Recipient: Texas Historical CommissionAward Amount: $69,000.00
A dust cloud formed behind Kickapoo riders as they attacked Fort Lancaster through rocky soil on December 26, 1867. A bold and unprecedented move, the Kickapoo intended to make a direct assault on the post and take the US Army horses corralled there. The post was protected by Company K of the 9th US Cavalry Regiment, an all-Black unit with Civil War veterans in the ranks. Forced into defensive positions, the cavalrymen maintained disciplined fire but were unable to prevent the Kickapoo from taking the horses, leaving the 9th without mounts and unable to pursue their attackers for weeks.
Using a Preservation Planning Grant from the American Battlefield Protection Program, Texas Historical Commission seeks to expand understanding of the battle through additional research, targeted archeology and a partnership with the Kickapoo Traditional Tribe of Texas to define the site’s significance. The Battle of Fort Lancaster provides multiple perspectives on the complicated history of westward expansion and how it touched the lives of the Kickapoo tribe and the soldiers of Company K.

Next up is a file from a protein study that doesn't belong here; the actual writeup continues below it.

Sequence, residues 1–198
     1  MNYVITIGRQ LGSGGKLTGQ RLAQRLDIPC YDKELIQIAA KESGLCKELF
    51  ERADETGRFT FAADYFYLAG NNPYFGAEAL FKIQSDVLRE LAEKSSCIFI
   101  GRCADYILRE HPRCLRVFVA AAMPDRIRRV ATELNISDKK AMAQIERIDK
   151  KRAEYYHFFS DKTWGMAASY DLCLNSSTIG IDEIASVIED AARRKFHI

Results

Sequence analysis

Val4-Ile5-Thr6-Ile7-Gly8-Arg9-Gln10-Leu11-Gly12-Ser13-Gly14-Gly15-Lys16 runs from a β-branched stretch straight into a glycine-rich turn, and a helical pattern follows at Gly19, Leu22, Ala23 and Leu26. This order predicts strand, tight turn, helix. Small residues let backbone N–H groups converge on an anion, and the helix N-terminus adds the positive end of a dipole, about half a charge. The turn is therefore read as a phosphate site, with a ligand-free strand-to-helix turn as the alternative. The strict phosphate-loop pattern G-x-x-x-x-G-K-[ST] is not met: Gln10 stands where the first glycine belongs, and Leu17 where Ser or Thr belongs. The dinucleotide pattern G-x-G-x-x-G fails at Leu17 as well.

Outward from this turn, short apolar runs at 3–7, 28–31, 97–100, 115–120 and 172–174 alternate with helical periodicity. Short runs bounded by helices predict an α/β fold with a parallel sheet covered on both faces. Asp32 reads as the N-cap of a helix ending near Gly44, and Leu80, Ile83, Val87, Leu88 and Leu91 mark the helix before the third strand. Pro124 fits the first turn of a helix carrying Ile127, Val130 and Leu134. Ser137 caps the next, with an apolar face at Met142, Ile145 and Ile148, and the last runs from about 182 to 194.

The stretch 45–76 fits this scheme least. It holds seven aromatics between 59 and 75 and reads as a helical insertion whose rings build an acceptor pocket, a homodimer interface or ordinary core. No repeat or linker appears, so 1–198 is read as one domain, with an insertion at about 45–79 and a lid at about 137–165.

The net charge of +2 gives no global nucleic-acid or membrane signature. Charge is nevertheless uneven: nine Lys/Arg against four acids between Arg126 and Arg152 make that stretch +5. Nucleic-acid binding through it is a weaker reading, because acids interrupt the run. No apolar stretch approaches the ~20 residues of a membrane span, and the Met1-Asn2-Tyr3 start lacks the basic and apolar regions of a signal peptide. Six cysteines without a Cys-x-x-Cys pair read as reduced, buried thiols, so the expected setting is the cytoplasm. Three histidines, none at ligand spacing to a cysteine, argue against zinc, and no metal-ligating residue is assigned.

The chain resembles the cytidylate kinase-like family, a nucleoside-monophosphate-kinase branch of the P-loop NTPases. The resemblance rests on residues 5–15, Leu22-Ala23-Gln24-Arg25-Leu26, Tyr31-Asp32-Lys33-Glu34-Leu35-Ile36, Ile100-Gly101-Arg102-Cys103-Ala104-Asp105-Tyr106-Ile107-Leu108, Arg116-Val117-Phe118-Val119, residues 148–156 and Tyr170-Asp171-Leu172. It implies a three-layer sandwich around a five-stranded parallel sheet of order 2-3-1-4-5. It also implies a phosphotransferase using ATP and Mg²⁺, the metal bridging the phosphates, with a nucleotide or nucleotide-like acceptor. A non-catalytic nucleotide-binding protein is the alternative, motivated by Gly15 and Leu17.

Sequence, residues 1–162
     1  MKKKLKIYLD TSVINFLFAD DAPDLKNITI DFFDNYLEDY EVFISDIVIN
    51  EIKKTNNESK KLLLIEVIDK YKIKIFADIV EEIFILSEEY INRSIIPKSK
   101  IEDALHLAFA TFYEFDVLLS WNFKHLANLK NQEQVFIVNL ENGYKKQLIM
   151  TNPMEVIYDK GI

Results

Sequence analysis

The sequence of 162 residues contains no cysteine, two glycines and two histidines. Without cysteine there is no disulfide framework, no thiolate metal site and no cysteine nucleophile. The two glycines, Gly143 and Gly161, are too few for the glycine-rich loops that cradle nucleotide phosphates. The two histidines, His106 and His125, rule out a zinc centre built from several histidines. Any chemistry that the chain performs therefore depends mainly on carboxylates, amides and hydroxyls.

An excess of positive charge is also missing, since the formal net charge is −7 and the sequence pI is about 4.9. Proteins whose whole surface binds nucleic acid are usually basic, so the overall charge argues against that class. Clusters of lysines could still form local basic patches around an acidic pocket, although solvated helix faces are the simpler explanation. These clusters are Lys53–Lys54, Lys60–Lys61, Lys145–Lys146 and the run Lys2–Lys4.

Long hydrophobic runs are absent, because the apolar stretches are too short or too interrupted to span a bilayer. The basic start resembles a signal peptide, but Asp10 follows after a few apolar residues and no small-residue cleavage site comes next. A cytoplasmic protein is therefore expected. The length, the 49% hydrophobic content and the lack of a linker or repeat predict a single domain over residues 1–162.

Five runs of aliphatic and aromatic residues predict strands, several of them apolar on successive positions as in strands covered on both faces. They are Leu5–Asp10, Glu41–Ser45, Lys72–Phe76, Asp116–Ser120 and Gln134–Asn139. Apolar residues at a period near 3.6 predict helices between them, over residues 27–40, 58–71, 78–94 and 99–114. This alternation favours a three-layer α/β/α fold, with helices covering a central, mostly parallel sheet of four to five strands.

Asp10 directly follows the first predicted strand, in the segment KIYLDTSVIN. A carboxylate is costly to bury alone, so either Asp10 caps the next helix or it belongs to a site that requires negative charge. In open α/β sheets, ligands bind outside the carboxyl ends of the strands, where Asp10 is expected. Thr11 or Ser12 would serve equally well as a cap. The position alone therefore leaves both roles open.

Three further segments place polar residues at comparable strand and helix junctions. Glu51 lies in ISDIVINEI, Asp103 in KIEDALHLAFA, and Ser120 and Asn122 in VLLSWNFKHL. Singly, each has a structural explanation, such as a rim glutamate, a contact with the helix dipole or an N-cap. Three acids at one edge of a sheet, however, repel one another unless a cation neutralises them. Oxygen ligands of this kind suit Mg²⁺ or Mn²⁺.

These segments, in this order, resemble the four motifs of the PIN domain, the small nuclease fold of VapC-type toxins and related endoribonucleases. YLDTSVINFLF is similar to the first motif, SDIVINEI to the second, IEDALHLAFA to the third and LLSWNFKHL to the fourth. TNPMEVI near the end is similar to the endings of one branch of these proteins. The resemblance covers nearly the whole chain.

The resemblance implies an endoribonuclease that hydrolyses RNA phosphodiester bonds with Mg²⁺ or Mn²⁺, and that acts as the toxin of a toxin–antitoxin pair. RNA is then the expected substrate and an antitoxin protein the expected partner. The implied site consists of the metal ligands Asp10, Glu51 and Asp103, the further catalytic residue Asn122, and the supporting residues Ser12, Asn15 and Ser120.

Preservation Planning Grants are the American Battlefield Protection Program's broadest and most inclusive grant program, promoting the stewardship of battlefields and sites of armed conflict on American soil. In addition, the program administers three other grants: Battlefield Land Acquisition Grants, the newly authorized Battlefield Restoration and Battlefield Interpretation grant programs. This financial assistance generates community-driven stewardship of historic resources at the state, tribal and local levels.